Investors are giving the shares of dividend-paying companies a second look as they seek to buttress their portfolios against surging inflation and sharp declines in asset prices.
Often overlooked in favour of trendy growth names prior to the recent spike in consumer prices, the appeal of dividend payers has increased this year, as an aggressive Federal Reserve and inflation worries combine to batter stocks and bonds.
Bank of America and Goldman Sachs are among the banks that have lately touted dividend-paying stocks. The ProShares S&P Dividend Aristocrat ETF – which invests in companies that have increased their dividends annually for at least 25 years – has notched positive net inflows for all but one week this year, according to Lipper fund flows.
The fund is down 11.9 per cent for the year to date, compared with a 19.3-per-cent decline in the broad S&P 500.
“We’re finding it makes more sense to focus on more stable companies with growing cash dividends that offer protection against volatility and also against inflation,” said John Mowrey, chief investment officer of NFJ Investment Group.
Proponents of dividend-paying stocks say the income helps cushion a portfolio against equity declines. At the same time, companies that look poised to increase their dividends may be a steadier source of income than bonds, which have a fixed coupon that can be eroded by rising prices.
Over all, the S&P 500 is expected to post another quarterly dividend payment record over the third quarter, driven in part by increasing payouts from energy companies, after increasing 2.3 per cent to US$16.63 a share in the second quarter, data from S&P Dow Jones Indices showed.
Dividend-payers were often seen as a less-than-glamorous corner of the stock market over the past decade, as low inflation, a dovish Fed and relatively stable growth favoured large, tech-focused names that powered gains in the S&P 500. A decades-long bull market in bonds, meanwhile, gave fixed income investors a tailwind and drove total returns as Treasury yields fell to record lows in 2020.
Soaring inflation and tighter monetary policy, however, have made this year brutal for both asset classes. The S&P 500 marked its worst first half since 1970 and the U.S. bond market – as measured by the Vanguard Total Bond Index fund – is down 10.3 per cent for the year to date, on track for its worst annual performance in history.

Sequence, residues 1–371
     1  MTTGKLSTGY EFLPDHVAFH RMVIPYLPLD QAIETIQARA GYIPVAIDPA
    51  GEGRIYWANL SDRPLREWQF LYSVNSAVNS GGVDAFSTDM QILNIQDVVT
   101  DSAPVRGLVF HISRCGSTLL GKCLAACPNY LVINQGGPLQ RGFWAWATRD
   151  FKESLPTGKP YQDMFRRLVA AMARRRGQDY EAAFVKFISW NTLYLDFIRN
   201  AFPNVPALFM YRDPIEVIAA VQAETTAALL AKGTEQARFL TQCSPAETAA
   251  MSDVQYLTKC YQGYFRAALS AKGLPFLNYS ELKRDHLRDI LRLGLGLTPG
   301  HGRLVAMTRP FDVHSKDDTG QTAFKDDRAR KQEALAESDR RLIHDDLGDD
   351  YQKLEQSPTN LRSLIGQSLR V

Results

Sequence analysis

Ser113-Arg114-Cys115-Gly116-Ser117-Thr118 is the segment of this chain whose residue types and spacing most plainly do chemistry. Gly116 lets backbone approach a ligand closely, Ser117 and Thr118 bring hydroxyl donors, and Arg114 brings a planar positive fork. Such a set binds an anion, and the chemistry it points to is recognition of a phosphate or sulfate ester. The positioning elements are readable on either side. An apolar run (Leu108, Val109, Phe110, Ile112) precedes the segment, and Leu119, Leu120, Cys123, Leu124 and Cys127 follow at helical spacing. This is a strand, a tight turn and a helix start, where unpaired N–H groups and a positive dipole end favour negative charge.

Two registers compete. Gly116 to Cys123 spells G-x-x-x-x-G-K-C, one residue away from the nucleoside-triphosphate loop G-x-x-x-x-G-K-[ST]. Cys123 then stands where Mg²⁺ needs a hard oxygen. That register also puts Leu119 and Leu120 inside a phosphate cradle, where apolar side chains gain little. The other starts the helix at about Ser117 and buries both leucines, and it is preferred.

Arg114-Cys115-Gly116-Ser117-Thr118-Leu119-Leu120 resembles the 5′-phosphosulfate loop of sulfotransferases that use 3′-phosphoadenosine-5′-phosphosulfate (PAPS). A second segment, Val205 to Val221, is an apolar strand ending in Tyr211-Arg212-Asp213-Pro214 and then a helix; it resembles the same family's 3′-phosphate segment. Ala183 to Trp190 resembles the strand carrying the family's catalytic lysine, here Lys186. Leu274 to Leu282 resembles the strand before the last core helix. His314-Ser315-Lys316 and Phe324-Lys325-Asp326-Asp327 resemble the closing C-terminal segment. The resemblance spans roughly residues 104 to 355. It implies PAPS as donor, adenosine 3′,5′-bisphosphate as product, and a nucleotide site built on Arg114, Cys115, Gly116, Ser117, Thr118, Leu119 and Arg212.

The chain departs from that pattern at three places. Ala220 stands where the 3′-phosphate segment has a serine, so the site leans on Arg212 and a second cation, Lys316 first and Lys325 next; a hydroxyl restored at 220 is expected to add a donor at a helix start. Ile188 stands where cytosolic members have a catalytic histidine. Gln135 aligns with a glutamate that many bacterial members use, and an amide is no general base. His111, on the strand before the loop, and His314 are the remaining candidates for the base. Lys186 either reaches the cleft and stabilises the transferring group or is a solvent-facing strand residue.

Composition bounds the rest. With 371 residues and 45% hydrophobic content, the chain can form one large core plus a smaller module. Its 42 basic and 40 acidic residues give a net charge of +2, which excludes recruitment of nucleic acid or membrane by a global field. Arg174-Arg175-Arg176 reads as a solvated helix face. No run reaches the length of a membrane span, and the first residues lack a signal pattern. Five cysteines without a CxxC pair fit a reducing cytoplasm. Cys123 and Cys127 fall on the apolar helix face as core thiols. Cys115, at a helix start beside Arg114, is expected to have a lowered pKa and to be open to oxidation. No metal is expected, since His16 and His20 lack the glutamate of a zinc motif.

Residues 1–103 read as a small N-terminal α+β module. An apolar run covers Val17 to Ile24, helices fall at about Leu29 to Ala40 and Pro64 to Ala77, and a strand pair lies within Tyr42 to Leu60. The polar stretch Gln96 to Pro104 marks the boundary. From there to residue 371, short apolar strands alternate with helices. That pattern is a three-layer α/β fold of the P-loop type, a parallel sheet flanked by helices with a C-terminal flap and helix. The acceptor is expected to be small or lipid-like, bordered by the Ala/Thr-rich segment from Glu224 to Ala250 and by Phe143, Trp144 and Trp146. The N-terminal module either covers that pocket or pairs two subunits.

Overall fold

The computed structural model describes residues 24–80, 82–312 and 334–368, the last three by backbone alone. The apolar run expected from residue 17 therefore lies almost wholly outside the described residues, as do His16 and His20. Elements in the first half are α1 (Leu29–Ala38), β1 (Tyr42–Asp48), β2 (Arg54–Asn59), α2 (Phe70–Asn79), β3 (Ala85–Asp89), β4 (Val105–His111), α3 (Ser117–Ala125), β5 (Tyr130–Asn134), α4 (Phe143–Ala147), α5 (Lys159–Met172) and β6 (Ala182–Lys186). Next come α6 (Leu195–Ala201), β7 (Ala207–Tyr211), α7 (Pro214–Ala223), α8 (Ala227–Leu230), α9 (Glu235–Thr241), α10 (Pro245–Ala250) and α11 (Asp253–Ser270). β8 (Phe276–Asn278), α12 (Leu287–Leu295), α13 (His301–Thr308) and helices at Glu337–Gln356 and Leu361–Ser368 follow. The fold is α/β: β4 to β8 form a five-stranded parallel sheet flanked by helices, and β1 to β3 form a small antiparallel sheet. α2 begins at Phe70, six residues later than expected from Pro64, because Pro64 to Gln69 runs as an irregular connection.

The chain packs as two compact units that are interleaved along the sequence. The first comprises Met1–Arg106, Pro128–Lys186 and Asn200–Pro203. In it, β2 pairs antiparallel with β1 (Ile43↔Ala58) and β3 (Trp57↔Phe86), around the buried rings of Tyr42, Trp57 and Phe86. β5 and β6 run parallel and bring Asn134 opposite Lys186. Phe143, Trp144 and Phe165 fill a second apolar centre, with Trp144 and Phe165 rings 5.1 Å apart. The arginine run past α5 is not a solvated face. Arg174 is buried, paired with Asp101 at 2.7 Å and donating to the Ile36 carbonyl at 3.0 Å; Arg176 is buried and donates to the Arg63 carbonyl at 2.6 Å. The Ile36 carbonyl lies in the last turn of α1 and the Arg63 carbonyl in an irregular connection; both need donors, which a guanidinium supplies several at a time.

As “cash grows more valuable amid Fed hiking, we expect dividend yield and bird-in-the-hand strategies to continue to outperform” in the second half of the year, BofA strategists wrote earlier this month.
Investors are awaiting U.S. consumer price data on Wednesday after the previous month’s number showed inflation growing at its fastest pace in more than 40 years, prompting a jumbo rate increase from the Fed and slamming stocks.
NJF Group has recently added to positions in companies it believes are poised to continue increasing their dividends, Mr. Mowrey said. Among those are semi-conductor company Microchip Technology Inc. and biotech-focused real estate investment trust Alexandria Real Estate Equities Inc.
Not all investors are convinced that dividends are the best source of income. Strategists at BlackRock, the world’s largest asset manager, said in a webinar on Monday that they are focusing on short-term and investment grade credit over the second half of the year, given the rising chances of a recession.
The firm cut its holdings of developed market equities in part because of concerns that investors are not pricing in the likelihood that earnings growth will continue to slow. Earnings season kicks in to higher gear this week as companies including Delta Air Lines Inc. and JPMorgan Chase & Co. report results.
With little end to the volatility in markets in sight, however, others are looking for stock dividends to help stabilize their portfolio returns.
The S&P 500 index pays a dividend yield of 1.52 per cent overall, while some well-known dividend payers such as materials company Amcor Plc – the largest weighting in the S&P 500 Dividend Aristocrats Index – pays dividend yields of 3.81 per cent, compared with the 2.90-per-cent yield of the benchmark 10-year Treasury.
Michael Clarfeld, portfolio manager at ClearBridge Investments, has increased his position in companies such as Pioneer Natural Resources Co.
“In a world where inflation is eroding purchasing power, dividends are a way to stay ahead,” he said.
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